|DF-21/CSS-5 Mod 1|
DF-21A and transporter erector launcher vehicle at the Beijing Military Museum.
|Place of origin||China|
|Used by||Second Artillery Corps|
|Weight||14,700 kilograms (32,400 lb)|
|Length||10.7 metres (35 ft)|
|Diameter||1.4 metres (4.6 ft)|
|Warhead||1, or 5-6 (improved variant) 200-300-500 kt|
|1,770 kilometres (1,100 mi) (DF-21)
1,770 kilometres (1,100 mi) (DF-21A)
1,700 kilometres (1,100 mi) (DF-21C)
1,450 kilometres (900 mi) (DF-21D ASBM)
|Speed||Mach 10 |
|Inertial + terminal radar guidance|
The Dong-Feng 21 (DF-21; NATO reporting name CSS-5 - Dong-Feng (Chinese: 东风; literally "East Wind") is a two-stage, solid-propellant, single-warhead medium-range ballistic missile (MRBM) in the Dong Feng series developed by China Changfeng Mechanics and Electronics Technology Academy. Development started in the late 1960s and was completed around 1985-86, but it was not deployed until 1991. It was developed from the submarine-launched JL-1 missile, and is China's first solid-fuel land-based missile. The U.S. Department of Defense in 2008 estimated that China had 60-80 missiles and 60 launchers.
Originally developed as a strategic weapon, the DF-21's later variants were designed for both nuclear and conventional missions. As well as a nuclear warhead of around 300 kt, it is thought that high explosive, submunition and chemical warheads are available. The latest DF-21D was said to be the world's first anti-ship ballistic missile (ASBM). The DF-21 has also been developed into a space-capable anti-satellite/anti-missile weapon carrier.
DF-21 (CSS-5 Mod-1)
The basic variant DF 21 has a range of 1,770+ km, and a payload of 600 kg. The missile can carry a single 500 kt nuclear warhead, with an estimated CEP of 300~400 m. This version did not enter operational service.
DF-21A (CSS-5 Mod-2)
The DF-21A was operational by 1996 and has improved accuracy with an estimated circular error probable (CEP) of 100~300m, with both GPS and a radar-based terminal guidance system in a redesigned nose. This version is reported to have a similar range of 1,770+ km.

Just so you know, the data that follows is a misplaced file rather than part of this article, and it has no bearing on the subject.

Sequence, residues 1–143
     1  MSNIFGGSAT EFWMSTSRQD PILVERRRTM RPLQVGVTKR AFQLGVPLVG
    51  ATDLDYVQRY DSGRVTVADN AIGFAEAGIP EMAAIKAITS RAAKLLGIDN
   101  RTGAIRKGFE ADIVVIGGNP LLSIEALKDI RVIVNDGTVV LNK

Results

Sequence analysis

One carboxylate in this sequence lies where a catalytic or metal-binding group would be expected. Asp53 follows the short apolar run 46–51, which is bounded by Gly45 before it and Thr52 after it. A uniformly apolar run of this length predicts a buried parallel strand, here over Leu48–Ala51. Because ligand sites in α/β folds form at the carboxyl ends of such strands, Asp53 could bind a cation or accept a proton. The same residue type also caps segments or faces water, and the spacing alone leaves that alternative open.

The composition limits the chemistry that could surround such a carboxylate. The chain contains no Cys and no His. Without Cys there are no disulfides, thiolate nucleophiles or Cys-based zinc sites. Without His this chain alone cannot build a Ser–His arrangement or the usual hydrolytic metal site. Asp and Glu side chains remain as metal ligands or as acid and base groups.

DF-21C (CSS-5 Mod-3)
Revealed in 2006, DF-21C is believed to be a mod of DF-21. Its actual designation is unknown; it may be a version of the DF-25 missile. Its maximum range is believed to be about 1,700 kilometres (1,100 mi). The new GPS-based guidance system has reduced the missile’s CEP to 30~40m, enabling it for precision-strike missions.
In 2010, the DF-21C was being deployed in central Western China.
DF-21D (CSS-5 Mod-4) Anti-ship ballistic missile
China has reportedly developed and tested the world's first anti-ship ballistic missile (ASBM) called DF-21D, with a maximum range exceeding 1,450 kilometres (900 mi), according to the U.S. National Air and Space Intelligence Center. The Intelligence Center did not believe it was deployed in 2009. The guidance system is thought to be still in an evolutionary process as more UAV and satellites are added. The DF-21 anti-ship ballistic missile itself is assumed to have entered active service by 2009.
The US Department of Defense has stated that China has developed and reached initial operating capability  of a conventionally armed high hypersonic land-based anti-ship ballistic missile based on the DF-21. This would be the world's first ASBM and the world's first weapons system capable of targeting a moving aircraft carrier strike group from long-range, land-based mobile launchers.  These would combine maneuverable reentry vehicles (MaRVs) with some kind of terminal guidance system. Such a missile may have been tested in 2005-6, and the launch of the Jianbing-5/YaoGan-1 and Jianbing-6/YaoGan-2 satellites would give the Chinese targeting information from SAR (Synthetic Aperture Radar) and visual imaging respectively. The upgrades would greatly enhance China's ability to conduct sea-denial operations to prevent US carriers from intervening in the Taiwan Strait.
United States Naval Institute in 2009 stated that such a warhead would be large enough to destroy an aircraft carrier in one hit and that there was "currently ... no defense against it" if it worked as theorized.
The United States Navy has responded by switching its focus from a close blockade force of shallow water vessels to return to building deep water ballistic defense destroyers. The United States has also assigned most of its ballistic missile defense capable ships to the Pacific, extended the BMD program to all Aegis destroyers and increased procurement of SM-3 BMD missiles. The United States also has a large network optimized for tracking ballistic missile launches which may give carrier groups sufficient warning in order to move away from the target area while the missile is in flight.
Use of such missile has been said by some experts to potentially lead to nuclear exchange, regional arms races with India and Japan, and the end of the INF Treaty between the United States and the Soviet Union, to which the People's Republic of China is not a party.